Does WorkCover include super?
If you have an accepted WorkCover claim in Victoria and you are in receipt of weekly payments because you are unable to work at all, or you have a restriction in your ability to work, you are entitled to receive superannuation contributions paid by the WorkCover Insurer.
In order to be entitled to receive superannuation, you must have received weekly payments under this workers compensation claim for a period of at least one year. You must have also been injured after 5 April 2010.
If you’re injured before 5 April 2010 then you are not entitled to superannuation contributions paid by the insurer.
You must also be under retirement age and you also must not be receiving superannuation from your current employer under a public sector superannuation scheme, law or industrial award.
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What if I have some capacity to work – am I still entitled to superannuation contributions?
Even if you have returned to work, as long as you continue to receive some weekly payments, you are entitled to obtain superannuation payments from the WorkCover Insurer.
This means that if you’ve returned to work, but not working to the same extent you were doing so prior to suffering your injury, if you satisfy the above criteria you are still entitled to receive superannuation contributions.
You’re entitled to receive superannuation contributions even if you have gone past the 130 week period and you remain in receipt of weekly payments because you’re either totally incapacitated for work or partially incapacitated.
After being paid superannuation contributions, when will they cease?
They will cease when you are no longer entitled to weekly payments and they cease or alternatively when you hit retirement age, which happens earlier.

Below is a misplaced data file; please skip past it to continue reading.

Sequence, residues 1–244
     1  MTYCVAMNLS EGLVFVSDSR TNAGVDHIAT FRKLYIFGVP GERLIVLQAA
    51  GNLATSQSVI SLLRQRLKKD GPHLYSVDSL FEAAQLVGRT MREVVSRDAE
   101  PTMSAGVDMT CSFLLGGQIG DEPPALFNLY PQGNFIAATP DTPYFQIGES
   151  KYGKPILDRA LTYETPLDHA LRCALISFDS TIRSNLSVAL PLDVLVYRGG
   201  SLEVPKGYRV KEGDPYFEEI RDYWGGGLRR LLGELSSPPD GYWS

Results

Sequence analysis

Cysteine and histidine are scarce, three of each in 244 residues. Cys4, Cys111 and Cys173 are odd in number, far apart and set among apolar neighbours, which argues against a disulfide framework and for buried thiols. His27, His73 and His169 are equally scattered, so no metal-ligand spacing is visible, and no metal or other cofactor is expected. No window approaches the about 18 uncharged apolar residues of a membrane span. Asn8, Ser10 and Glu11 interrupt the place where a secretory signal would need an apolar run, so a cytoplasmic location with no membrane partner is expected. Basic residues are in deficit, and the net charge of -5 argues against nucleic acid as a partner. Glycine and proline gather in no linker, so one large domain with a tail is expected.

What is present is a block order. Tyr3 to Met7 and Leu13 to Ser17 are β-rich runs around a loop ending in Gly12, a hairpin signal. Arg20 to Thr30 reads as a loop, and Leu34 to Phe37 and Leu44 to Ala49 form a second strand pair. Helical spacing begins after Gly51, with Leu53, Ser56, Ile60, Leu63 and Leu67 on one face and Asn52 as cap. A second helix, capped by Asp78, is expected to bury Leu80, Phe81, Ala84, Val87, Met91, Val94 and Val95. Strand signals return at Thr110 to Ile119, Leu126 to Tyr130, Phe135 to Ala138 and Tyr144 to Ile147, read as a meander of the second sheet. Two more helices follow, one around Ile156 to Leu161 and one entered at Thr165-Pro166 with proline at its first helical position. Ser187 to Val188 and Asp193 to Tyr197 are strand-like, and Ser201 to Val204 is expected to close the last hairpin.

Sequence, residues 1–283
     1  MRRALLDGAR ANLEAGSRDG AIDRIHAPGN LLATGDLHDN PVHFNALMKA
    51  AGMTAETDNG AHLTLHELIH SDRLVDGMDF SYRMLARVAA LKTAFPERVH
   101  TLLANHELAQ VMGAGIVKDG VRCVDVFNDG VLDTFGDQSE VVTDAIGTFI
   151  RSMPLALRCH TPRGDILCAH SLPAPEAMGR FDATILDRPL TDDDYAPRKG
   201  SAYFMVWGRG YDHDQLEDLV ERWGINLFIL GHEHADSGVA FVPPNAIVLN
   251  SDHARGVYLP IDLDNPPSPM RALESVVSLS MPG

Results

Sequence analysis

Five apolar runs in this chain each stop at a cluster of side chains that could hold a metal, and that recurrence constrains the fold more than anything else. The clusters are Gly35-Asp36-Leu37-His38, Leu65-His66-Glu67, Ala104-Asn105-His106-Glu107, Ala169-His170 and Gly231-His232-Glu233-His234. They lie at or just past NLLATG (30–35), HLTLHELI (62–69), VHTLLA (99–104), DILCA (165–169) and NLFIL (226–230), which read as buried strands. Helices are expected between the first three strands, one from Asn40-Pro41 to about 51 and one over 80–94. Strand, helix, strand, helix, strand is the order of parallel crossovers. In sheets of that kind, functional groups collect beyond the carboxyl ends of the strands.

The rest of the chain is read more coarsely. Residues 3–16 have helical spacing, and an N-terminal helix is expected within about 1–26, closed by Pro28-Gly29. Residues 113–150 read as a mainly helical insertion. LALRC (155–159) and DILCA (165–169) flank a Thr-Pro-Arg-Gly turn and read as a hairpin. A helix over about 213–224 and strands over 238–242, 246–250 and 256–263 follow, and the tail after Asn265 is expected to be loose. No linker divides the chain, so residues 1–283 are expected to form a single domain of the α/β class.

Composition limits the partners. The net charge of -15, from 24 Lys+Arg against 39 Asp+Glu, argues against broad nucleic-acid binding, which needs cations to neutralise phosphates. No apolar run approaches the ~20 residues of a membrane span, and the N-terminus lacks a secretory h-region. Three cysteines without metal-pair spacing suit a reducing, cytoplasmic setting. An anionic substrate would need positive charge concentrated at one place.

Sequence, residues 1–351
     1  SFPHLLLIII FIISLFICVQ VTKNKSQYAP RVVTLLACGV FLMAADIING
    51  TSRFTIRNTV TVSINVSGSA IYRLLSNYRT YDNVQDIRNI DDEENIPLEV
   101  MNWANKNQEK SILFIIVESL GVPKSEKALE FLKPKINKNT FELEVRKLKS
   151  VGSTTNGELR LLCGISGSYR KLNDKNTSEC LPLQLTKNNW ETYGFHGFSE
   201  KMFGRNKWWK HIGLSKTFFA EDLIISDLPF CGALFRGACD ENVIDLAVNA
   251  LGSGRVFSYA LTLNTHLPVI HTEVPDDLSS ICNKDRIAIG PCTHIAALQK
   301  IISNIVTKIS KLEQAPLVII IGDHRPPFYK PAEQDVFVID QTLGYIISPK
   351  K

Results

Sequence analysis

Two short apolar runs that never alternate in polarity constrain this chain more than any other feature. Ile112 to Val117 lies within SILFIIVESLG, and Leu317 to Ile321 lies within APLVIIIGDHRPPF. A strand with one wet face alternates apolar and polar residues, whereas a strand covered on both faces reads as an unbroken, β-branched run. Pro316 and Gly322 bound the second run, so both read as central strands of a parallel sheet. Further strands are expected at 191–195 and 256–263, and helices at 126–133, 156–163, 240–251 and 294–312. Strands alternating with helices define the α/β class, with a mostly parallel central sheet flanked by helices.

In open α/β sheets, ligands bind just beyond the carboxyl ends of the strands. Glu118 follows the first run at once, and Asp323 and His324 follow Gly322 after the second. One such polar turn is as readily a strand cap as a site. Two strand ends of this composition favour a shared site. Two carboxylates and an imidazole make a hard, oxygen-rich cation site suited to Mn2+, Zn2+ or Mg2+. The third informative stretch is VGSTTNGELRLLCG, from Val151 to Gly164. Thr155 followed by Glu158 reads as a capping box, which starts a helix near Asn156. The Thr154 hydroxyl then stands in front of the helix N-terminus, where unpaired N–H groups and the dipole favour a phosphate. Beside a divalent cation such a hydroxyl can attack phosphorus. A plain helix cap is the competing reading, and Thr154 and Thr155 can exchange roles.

Do I need to do anything?
Because you do not get superannuation paid by the WorkCover insurer for the first one year that you are in receipt of weekly payments, it’s a good idea to make a note of when that one year period is so if you do not hear from the insurance company or your employer, you can follow them up.
Keep in mind that if for some reason superannuation contributions are not made when they should’ve been, then you have an entitlement to have those superannuation contributions back paid to you.
Complete the relevant form
At some point the insurer should ask you to complete the form below. It is a ‘choice of superannuation fund’ form. This is a simple form where you nominate your superannuation fund.
The form looks like this:
The form requires you to fill in your name, date of birth and your WorkCover claim number which you can find on correspondence from the WorkCover insurer.
If you cannot find your WorkCover claim number, then contact the insurer and ask them to provide it to you.
You must indicate under question two that you have provided your tax phone number to your nominated superannuation fund.
Under question three you are required to provide details of your nominated superfund.
The information required is; superannuation funds ABN, unique superannuation identifier, fund name, fund address, member number and account name.
The easiest way to obtain this information, particularly the ABN and unique superannuation identifier is to telephone your superannuation fund directly and ask them to provide it to you over the phone.
If you are not a member of the fund that you are listing under question three on the form, you must join them before completing form form.
Under question four, that is where you write your fund details.
Finally, you should review the consent and declaration section and finally sign and date the form where indicated.
Once the form has been completed and signed by you, you should return this to the WorkCover Insurer.
What should I do if I think I’m entitled to superannuation contributions but the insurer says I’m not?
The first thing you should do is to find out why they say you’re not entitled to superannuation contributions. It’s possible that they have sent you out a letter with reasons explaining their decision.
If they haven’t, you should call them up and discuss the matter with them. Or, if you have a lawyer, you should refer the matter to them.
If you are confident that you’re entitled to superannuation contributions and the insurance company is wrong, then you should give consideration to lodging a request for conciliation form and pursuing the matter to conciliation.